The Bible says that God does not show favoritism toward anyone. So how is it that He favored Abel over Cain, and accepted Abel's offering while rejecting Cain's?
By saying that God is impartial (Romans 2:11), what is being said is that God doesn't favor one person over another based on external attributes. He doesn't give exceptions or passes to one group of people over another. The rich don't have an "in" with God (Matthew 19:23-25). God doesn't prefer Jews to Gentiles, which is what Paul was discussing in Romans 2. Men aren't treated differently than women. "There is neither Jew nor Greek, there is neither slave nor free, there is neither male nor female; for you are all one in Christ Jesus" (Galatians 3:28). The same rules and the same judgments are applied to every person equally.
We do the same in our courts. We want judges to make decisions based on a neutral position. When a judge decides in Sam's favor, that doesn't mean he was biased toward Sam. It meant that the judge determined that Sam acted in accordance with the law and this was accepted as being correct.
God wasn't against Cain. He even went out of His way to warn Cain that he was going in the wrong direction. "So the LORD said to Cain, 'Why are you angry? And why has your countenance fallen? If you do well, will you not be accepted? And if you do not do well, sin lies at the door. And its desire is for you, but you should rule over it'" (Genesis 4:6-7). God is stating that He uses one set of rules to decide who is acceptable to Him. There isn't one set of rules for Cain and another for Abel.
The plain fact of the matter is that Abel was doing what God commanded and Cain wasn't. Cain grew up and became a farmer. Abel became a shepherd. Somewhere along the line, God must have required sacrifices. A sacrifice served several purposes. It reminded the person offering the sacrifice about the consequences of sin. Sin brought death into the world and the death of an animal served as a frequent reminder. Sacrifices also caused a person to give a valued possession up to God. Later, under the Law of Moses, God required the Israelites to give the best lamb of their herds. They could not give a damaged or blemished lamb that did not have much value to the owner. We do not know the conditions God placed on the sacrifice, but we can see a difference in the offerings of Cain and Abel.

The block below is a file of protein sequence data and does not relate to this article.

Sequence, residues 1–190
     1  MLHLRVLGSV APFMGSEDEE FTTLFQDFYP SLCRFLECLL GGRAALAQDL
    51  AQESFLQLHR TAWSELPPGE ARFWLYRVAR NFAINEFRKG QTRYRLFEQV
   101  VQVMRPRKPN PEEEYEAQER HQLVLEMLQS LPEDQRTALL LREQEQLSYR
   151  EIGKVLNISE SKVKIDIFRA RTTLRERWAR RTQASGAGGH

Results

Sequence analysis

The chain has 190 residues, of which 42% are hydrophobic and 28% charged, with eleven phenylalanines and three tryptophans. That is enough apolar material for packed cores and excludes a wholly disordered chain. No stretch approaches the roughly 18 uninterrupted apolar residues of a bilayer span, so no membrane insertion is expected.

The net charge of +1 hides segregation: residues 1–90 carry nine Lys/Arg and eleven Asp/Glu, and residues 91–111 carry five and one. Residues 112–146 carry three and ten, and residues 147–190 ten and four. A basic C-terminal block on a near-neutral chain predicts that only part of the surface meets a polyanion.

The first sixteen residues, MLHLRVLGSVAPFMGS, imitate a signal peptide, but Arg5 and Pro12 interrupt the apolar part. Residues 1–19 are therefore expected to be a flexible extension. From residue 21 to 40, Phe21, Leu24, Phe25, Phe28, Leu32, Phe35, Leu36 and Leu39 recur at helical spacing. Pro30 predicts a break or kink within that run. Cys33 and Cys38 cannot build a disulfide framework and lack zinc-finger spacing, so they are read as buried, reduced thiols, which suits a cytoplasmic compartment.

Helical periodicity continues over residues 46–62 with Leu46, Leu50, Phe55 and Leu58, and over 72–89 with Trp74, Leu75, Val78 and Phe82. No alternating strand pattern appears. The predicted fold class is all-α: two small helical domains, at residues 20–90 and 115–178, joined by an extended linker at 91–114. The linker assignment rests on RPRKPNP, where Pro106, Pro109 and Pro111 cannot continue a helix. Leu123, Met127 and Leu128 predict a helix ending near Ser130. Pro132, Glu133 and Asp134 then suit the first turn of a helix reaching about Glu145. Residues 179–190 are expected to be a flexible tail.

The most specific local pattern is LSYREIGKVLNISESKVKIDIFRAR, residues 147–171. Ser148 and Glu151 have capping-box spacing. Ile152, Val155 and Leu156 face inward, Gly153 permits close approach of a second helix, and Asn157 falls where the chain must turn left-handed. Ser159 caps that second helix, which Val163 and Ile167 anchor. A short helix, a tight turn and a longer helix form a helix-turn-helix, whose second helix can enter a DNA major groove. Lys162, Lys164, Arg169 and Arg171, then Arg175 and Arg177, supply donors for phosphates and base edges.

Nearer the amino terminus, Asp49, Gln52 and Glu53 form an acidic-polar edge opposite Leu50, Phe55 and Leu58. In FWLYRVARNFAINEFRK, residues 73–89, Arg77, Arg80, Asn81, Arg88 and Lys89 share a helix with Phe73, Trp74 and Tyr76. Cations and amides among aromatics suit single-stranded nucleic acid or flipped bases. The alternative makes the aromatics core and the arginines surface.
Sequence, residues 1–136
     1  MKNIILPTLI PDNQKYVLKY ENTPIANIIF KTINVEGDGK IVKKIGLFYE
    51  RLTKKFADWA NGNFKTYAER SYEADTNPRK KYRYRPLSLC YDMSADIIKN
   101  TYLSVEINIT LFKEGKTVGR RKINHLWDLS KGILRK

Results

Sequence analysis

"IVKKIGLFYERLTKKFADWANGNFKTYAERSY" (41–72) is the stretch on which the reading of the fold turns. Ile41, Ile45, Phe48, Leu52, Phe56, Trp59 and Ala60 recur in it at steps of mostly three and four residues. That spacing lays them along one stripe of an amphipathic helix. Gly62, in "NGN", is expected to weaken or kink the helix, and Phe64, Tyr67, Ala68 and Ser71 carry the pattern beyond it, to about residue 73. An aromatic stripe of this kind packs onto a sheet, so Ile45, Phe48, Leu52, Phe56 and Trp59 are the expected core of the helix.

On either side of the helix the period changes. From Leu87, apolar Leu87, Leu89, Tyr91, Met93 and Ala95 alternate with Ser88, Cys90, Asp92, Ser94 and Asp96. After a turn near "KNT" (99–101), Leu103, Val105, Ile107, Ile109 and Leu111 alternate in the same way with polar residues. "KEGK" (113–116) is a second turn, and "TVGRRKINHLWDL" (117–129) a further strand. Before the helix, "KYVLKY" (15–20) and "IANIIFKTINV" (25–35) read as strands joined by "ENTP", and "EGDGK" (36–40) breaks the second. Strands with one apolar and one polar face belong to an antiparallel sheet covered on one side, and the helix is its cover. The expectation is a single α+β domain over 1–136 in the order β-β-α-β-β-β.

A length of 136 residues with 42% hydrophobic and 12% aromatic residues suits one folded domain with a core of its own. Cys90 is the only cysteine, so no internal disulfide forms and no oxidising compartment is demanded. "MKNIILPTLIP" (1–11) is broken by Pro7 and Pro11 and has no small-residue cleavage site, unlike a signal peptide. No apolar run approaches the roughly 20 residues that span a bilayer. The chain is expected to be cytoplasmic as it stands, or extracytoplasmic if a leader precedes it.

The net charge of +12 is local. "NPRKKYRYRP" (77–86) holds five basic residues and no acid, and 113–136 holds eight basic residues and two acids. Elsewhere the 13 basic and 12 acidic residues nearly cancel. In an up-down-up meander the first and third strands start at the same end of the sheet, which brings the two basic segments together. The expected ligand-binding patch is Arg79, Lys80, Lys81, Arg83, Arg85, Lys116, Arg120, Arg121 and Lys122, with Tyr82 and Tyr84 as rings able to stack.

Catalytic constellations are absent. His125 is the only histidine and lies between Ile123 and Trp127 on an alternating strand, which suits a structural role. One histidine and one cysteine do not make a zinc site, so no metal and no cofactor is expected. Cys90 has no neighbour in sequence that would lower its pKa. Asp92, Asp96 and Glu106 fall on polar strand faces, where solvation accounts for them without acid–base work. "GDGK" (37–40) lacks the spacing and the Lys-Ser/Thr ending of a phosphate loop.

Abel offered the best cuts of meat from the firstborn of his flocks to God. Such an offering showed that Abel wanted to please God. Cain chose to bring some produce from his farm. The wording in Hebrew is that of a casual offering. Cain brought some of his grain when he got around to doing it. Unlike Abel, he didn't even select the first grains of his crop or the best selection from his harvest. Cain's sacrifice was not acceptable to God. Consider as well that while the vegetables were the product of Cain's labor, they could not serve as a reminder of the consequences of sin. Plants do not have life within them. Therefore, a plant does not die in the same sense as an animal or a man dies. In Hebrews 11:4, the writer said that Abel's sacrifice was better because it was offered in faith. Faith is not just a belief in God, but it is a conviction that moves a person to do what God said (James 2:14-26). Abel believed God and was obedient to him. Cain chose to sacrifice in his own way.
God laid out the same rules for both Abel and Cain. Abel followed them and Cain did not. Abel was accepted by God and Cain was rejected. We can further see the corruption in Cain because Cain blamed Abel for his rejection instead of seeing it for what it really was, a problem in himself.